New York Supreme Court Justice Anil C. Singh rejected a motion by an “image distributor” to dismiss a model’s lawsuit seeking compensatory and punitive damages for the unauthorized publication of her picture in a public service advertisement placed in print media by the New York State Division of Human Rights to inform people living with HIV about legal protection from discrimination. The March 6 ruling was published in The New York Law Journal on March 24.
The defendant, Getty Images (US) Inc., “is in the business of licensing stock photographs on the Internet,” according to Justice Singh’s opinion, summarizing the allegations in Avril Nolan’s complaint. Getty acquired Nolan’s image from a photographer named Jena Cumbo. Cumbo had not obtained a written release from Nolan authorizing the use or sale of her picture, but nonetheless sold it to Getty, which then licensed it to the New York State Division of Human Rights, which used it to illustrate an advertisement placed in newspapers with the caption: “I am positive (+) and I have rights” and “People who are HIV positive are protected by the New York State Human Rights Law. Do you know your rights? Contact the NYS Division of Human Rights.”
Nolan is not HIV-positive, and alleges that the appearance of this advertisement has caused her emotional distress and actual harm, as it has led people to think that she is infected with HIV. Her lawsuit relies on the New York Civil Rights Law, Sections 50 and 51, which makes it unlawful for anybody to use a person’s image for trade or advertising purposes without getting their written permission, and authorizes individuals to sue for damages.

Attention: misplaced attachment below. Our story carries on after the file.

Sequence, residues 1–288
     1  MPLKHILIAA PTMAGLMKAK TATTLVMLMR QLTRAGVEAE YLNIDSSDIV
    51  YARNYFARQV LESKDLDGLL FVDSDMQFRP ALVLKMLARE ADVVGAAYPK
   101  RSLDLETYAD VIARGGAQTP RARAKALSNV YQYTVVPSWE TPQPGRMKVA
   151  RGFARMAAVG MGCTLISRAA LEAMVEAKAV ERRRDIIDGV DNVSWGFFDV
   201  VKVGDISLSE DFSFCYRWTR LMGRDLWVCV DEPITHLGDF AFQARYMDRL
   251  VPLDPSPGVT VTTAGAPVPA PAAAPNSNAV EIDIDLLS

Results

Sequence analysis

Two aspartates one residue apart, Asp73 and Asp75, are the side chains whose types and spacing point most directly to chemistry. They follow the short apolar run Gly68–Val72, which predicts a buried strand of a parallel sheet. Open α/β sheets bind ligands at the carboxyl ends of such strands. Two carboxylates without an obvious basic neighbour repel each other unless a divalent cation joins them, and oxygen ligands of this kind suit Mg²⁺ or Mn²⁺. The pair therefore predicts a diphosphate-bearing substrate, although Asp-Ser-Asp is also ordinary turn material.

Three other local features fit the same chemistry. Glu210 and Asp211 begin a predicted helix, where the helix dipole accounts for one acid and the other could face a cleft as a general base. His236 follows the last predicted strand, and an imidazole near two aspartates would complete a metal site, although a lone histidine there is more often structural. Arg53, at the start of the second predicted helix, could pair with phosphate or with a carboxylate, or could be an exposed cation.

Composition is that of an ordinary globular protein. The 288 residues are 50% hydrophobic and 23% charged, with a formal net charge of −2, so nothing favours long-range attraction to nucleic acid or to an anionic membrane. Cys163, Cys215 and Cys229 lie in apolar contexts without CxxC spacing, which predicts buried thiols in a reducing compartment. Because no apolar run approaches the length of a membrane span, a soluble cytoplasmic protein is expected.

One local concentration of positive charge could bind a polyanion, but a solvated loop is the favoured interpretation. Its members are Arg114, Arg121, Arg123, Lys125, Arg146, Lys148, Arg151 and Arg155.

Moving to dismiss the case, Getty argued that “displaying and licensing a photograph are, as a matter of law, not advertising or trade uses” under the civil rights law, and to impose liability in this case would violate Getty’s First Amendment rights. Getty argues that it is merely licensing the photograph, and that it is the “end-user” of the photograph, if anybody, that would be liable to Nolan for its public display in this context. Getty argued that the law did not require it to “investigate the existence or validity of every image release on its database because such duty would be inconsistent with the First Amendment.” Getty also emphasized that Nolan is a model and willingly posed for a commercial photograph, so could hardly argue that the subsequent use of the photograph violated her right of privacy.
“Contrary to Getty’s argument, a claim lies for placing Nolan’s image in Getty’s catalogue, especially where plaintiff’s photograph is ultimately used in an advertisement, and the use of plaintiff’s likeness created a false impression about plaintiff,” wrote Justice Singh. Furthermore, he rejected Getty’s argument that the New York State Constitution affords “heightened free speech protections to commercial speech.” Actually, quite to the contrary, commercial speech generally enjoys less protection than political or artistic speech, and the New York courts have repeatedly rejected constitutional challenges to the Civil Rights Law, which authorizes individuals to pursue damages for unauthorized use of their photographs.